Striatal neuronal loss or dysfunction and choline rise in children with attention-deficit hyperactivity disorder: a 1H-magnetic resonance spectroscopy study.

Center for fMRI and Department of Radiology, Hospital 306, P.O. Box 9720, 100101, Beijing, China.
Neuroscience Letters (Impact Factor: 2.06). 12/2001; 315(1-2):45-8. DOI: 10.1016/S0304-3940(01)02315-1
Source: PubMed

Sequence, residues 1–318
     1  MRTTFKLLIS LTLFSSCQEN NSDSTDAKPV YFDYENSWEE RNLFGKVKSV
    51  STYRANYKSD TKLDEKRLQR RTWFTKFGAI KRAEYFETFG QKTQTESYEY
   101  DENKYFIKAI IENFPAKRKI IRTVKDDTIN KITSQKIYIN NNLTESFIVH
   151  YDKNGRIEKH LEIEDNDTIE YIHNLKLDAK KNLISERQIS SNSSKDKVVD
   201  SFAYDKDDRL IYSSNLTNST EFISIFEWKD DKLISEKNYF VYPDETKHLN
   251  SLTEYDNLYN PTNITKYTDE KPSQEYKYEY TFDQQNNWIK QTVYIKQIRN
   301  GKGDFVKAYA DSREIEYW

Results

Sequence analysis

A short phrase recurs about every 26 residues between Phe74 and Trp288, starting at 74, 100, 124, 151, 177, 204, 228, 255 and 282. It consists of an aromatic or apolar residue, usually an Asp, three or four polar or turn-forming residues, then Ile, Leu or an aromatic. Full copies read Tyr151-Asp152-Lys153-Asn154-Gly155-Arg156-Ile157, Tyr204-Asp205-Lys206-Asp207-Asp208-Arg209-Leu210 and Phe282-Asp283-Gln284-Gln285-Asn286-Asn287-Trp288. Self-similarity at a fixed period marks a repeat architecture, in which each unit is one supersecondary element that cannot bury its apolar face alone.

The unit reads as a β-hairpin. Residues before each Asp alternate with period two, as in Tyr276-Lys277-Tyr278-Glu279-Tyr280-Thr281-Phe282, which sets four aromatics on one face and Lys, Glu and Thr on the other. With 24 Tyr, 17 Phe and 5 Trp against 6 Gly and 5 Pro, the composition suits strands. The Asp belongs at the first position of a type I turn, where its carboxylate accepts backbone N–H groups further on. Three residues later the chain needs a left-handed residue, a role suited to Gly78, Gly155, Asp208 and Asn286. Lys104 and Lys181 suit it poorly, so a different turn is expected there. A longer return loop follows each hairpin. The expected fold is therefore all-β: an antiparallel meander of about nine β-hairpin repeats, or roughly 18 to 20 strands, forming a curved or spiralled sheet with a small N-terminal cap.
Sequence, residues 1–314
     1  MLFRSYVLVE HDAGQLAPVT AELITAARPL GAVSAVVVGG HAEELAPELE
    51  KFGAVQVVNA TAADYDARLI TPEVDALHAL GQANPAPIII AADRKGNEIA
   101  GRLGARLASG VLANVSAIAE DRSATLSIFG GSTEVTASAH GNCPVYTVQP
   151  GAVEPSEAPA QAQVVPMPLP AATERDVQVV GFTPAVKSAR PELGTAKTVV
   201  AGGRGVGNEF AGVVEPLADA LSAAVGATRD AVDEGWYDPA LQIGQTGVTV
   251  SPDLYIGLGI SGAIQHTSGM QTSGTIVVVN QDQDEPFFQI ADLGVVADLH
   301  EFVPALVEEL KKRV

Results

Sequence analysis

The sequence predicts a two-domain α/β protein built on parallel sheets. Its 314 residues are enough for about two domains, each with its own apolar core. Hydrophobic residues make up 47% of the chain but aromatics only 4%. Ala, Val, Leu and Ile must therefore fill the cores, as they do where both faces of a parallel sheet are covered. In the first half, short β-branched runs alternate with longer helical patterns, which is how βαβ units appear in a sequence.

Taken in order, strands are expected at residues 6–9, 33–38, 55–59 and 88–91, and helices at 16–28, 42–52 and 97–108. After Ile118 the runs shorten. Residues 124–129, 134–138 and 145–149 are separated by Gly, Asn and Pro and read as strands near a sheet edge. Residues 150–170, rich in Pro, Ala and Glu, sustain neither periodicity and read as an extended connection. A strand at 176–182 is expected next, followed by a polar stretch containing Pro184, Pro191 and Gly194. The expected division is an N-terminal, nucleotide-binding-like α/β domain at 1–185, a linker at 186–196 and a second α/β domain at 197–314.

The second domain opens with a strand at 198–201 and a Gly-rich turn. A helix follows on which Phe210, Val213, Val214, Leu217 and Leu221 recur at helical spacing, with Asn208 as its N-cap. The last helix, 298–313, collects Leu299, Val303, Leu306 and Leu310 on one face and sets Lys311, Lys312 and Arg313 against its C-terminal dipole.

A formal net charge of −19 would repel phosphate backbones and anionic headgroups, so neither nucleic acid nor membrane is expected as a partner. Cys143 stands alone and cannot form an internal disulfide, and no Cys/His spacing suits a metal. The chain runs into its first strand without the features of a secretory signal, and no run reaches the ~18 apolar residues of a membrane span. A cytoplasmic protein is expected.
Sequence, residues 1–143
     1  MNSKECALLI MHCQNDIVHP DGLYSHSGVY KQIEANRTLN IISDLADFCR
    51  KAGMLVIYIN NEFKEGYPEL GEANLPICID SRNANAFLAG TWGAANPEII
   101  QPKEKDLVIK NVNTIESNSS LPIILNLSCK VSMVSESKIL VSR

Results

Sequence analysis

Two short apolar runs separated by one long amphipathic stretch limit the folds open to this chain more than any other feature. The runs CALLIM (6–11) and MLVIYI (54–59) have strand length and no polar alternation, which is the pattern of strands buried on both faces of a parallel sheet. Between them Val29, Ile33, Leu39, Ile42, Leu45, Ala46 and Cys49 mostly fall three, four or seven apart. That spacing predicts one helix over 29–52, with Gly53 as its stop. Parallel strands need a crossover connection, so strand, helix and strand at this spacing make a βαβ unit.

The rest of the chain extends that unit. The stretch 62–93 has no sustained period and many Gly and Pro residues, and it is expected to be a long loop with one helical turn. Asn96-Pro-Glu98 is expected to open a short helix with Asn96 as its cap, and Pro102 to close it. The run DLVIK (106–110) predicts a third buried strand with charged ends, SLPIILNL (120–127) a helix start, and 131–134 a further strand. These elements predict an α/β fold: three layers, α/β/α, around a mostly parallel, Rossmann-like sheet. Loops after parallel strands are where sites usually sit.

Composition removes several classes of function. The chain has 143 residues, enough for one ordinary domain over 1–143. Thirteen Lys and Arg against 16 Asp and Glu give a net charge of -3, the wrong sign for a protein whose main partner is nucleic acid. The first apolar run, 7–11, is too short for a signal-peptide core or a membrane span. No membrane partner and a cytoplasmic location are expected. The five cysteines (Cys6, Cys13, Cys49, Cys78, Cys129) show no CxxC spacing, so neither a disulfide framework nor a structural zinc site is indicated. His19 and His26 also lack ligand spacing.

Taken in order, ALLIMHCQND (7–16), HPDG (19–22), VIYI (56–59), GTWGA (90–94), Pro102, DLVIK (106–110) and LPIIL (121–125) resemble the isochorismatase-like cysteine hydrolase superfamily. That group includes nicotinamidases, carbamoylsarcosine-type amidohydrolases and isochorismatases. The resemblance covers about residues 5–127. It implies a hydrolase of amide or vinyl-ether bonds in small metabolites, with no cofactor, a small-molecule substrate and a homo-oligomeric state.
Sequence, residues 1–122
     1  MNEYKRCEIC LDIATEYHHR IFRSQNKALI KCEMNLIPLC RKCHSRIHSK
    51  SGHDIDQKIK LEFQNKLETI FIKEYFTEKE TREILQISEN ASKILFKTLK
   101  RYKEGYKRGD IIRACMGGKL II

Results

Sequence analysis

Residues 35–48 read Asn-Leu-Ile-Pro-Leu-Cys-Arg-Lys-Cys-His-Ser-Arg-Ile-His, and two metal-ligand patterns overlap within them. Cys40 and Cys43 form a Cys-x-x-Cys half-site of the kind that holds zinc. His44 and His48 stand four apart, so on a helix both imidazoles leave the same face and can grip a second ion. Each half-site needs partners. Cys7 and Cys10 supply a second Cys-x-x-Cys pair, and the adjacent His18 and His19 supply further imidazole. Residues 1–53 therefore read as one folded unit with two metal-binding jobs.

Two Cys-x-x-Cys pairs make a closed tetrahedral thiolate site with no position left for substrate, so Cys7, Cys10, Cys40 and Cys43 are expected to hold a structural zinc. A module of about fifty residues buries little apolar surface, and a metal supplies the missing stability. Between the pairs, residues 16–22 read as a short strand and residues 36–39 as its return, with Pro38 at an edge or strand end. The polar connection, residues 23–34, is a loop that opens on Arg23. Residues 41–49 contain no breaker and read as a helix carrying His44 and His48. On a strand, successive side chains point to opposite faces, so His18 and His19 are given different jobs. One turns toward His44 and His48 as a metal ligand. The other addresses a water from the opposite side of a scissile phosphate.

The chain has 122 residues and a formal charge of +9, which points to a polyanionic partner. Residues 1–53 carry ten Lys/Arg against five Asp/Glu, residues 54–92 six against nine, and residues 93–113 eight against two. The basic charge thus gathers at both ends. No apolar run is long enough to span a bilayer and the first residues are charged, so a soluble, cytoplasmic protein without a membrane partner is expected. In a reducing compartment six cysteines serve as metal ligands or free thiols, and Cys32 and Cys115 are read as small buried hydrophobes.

ABSTRACT Twelve previously untreated boys suffering from attention-deficit hyperactivity disorder (ADHD) were investigated by using proton magnetic resonance spectroscopy (1H MRS) before and after one dose (10 mg) of methylphenidate. Pre- and post-methylphenidate spectra were acquired bilaterally in the globus pallidus. Peaks of N-acetylaspartate (NAA), choline (Cho), myo-inositol, glutamate and creatine (Cr) were measured and the ratios of the peaks were calculated and compared with data from ten matched controls. In children having ADHD, NAA/Cr ratio decreased significantly in the bilateral striatum while Cho/Cr ratio showed a mild unilateral increase. One oral dose of methylphenidate did not affect the ratios significantly. These findings suggest that the striatum was bilaterally involved in pediatric ADHD patients. Approximately 20-25% of neurons may have died or may be severely dysfunctional. There seems to be a mild hyperactivity of the cholinergic system.

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